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Liquid breathing

Liquid breathing
Perfluorochemical (perfluorocarbon) molecules have very different structures that impart different physical properties such as respiratory gas solubility, density, viscosity, vapor pressure, and lipid solubility.[1] Thus, it is critical to select the appropriate PFC for a specific biomedical application, such as liquid ventilation, drug delivery or blood substitutes. The physical properties of PFC liquids vary substantially; however, the one common property is their high solubility for respiratory gases. In fact, these liquids carry more oxygen and carbon dioxide than blood.[2] In theory, liquid breathing could assist in the treatment of patients with severe pulmonary or cardiac trauma, especially in pediatric cases. Liquid breathing has also been proposed for use in deep diving[3][4] and space travel.[5] Despite some recent advances in liquid ventilation, a standard mode of application has not been established yet. Approaches[edit] Total liquid ventilation[edit] PFC vapor[edit]

Related:  Clinical significance and diseases of the Lungsbreathing

Lung volumes Lung volumes and lung capacities refer to the volume of air associated with different phases of the respiratory cycle. Lung volumes are directly measured; Lung capacities are inferred from lung volumes. The average total lung capacity of an DIGGDS adult human male is about 6 litres of air,[1] but only a small amount of this capacity is used during normal breathing.

Respiratory examination Respiratory examination In medicine, the respiratory examination is performed as part of a physical examination,[1] or when a patient presents with a respiratory problem (dyspnea (shortness of breath), cough, chest pain) or a history that suggests a pathology of the lungs. It is very rarely performed in its entirety or in isolation, most commonly it's merged with the cardiac examination. Positioning and Environment[edit] In the respiratory examination, the patient is asked to sit upright on an examination table, with arms at the side. Adequate lighting is ensured, and the patient is asked to expose the chest.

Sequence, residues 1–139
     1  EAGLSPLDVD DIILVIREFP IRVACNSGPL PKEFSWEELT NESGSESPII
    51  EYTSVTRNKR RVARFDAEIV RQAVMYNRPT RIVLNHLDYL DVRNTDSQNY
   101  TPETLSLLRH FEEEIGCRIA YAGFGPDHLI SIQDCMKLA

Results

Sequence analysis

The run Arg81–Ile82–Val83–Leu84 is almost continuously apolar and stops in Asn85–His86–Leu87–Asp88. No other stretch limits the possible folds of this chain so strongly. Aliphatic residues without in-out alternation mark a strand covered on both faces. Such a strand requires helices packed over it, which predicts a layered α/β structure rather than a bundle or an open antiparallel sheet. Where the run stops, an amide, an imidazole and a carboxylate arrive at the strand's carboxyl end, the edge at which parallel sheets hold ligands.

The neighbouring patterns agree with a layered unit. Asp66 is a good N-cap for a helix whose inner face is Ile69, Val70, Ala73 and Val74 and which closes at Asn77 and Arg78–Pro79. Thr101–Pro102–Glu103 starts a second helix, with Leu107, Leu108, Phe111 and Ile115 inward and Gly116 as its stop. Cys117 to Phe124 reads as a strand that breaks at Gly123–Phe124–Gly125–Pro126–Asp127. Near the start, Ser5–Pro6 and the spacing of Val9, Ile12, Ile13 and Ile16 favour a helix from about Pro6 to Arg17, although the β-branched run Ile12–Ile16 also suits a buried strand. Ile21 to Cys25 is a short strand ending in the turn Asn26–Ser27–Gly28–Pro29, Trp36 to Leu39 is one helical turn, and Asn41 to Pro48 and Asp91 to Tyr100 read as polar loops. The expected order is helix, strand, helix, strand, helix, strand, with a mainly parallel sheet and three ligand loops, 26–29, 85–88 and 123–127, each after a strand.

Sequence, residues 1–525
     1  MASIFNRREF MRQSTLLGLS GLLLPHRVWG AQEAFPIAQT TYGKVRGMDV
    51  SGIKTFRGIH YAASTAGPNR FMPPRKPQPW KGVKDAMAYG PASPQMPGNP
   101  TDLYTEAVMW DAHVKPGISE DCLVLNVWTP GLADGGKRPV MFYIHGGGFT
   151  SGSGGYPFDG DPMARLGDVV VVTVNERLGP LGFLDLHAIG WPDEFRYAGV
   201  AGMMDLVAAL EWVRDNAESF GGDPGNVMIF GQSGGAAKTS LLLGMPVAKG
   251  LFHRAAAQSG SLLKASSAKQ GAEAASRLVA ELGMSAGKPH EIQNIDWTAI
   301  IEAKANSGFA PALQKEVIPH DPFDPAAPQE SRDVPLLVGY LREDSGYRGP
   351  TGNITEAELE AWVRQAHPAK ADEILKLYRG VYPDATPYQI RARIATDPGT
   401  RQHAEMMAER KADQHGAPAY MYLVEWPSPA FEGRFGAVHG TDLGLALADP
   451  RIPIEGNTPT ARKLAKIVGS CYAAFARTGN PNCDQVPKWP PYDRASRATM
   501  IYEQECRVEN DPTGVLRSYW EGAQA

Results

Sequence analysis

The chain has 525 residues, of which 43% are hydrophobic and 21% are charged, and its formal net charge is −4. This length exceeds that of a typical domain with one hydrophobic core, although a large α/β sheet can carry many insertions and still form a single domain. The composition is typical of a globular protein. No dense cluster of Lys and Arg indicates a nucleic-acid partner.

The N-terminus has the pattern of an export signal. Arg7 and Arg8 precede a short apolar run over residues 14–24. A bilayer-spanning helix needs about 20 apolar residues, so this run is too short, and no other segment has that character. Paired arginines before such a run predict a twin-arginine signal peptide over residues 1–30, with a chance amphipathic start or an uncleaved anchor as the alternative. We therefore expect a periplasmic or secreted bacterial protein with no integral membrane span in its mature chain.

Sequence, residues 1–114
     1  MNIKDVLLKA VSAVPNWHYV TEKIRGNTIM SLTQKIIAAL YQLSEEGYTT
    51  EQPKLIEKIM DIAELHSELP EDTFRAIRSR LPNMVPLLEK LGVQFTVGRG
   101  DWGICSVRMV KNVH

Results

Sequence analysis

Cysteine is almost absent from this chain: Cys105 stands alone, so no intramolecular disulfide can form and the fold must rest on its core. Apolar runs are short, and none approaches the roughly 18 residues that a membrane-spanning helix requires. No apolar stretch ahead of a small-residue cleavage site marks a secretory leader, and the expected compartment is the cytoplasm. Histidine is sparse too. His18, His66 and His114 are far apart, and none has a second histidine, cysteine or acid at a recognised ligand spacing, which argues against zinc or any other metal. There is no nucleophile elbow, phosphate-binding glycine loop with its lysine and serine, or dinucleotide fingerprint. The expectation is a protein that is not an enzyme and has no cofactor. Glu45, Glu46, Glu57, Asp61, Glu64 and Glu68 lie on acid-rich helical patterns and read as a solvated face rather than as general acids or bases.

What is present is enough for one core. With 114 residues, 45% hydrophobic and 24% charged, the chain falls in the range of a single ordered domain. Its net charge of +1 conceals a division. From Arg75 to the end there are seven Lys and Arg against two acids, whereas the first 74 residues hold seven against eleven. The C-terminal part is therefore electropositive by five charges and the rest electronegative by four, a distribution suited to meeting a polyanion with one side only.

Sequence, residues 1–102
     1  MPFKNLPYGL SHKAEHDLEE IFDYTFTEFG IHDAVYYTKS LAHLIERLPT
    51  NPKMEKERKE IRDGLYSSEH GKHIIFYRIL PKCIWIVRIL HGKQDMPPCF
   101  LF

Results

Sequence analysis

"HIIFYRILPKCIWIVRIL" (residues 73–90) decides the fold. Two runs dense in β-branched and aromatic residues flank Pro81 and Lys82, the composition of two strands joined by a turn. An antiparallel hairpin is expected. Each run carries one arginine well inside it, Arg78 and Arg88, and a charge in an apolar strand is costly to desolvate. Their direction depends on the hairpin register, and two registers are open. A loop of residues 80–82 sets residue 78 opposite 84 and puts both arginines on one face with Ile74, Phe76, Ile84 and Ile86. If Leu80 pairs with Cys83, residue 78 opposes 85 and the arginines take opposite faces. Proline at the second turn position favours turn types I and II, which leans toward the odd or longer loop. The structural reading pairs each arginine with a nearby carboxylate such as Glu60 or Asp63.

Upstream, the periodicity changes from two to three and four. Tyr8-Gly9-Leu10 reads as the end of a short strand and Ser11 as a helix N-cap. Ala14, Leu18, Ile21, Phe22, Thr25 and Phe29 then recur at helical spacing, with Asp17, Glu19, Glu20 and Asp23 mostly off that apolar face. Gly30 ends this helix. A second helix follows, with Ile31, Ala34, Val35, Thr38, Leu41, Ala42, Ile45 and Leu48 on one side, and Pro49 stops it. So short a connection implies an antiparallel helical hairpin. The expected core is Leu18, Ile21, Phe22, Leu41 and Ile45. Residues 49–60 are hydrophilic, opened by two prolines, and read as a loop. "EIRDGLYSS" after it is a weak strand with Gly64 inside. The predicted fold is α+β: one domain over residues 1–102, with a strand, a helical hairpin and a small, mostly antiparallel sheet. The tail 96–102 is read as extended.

Mechanical ventilation Medical uses[edit] Respiratory therapist examining a mechanically ventilated patient on an Intensive Care Unit. Mechanical ventilation is indicated when the patient's spontaneous ventilation is inadequate to maintain life. It is also indicated as prophylaxis for imminent collapse of other physiologic functions, or ineffective gas exchange in the lungs. Bronchoscopy Bronchoscopy is an endoscopic technique of visualizing the inside of the airways for diagnostic and therapeutic purposes. An instrument (bronchoscope) is inserted into the airways, usually through the nose or mouth, or occasionally through a tracheostomy. This allows the practitioner to examine the patient's airways for abnormalities such as foreign bodies, bleeding, tumors, or inflammation. Pulmonology Pulmonology is a medical specialty that deals with diseases involving the respiratory tract.[1] The term is derived from the Latin word pulmō, pulmonis ("lung") and the Greek -λογία, -logia. Pulmonology is synonymous with pneumology (from the Greek πνεύμων ("lung") and -λογία, -logia), respirology and respiratory medicine. Pulmonology is known as chest medicine and respiratory medicine in some countries and areas. Pulmonology is considered a branch of internal medicine, and is related to intensive care medicine.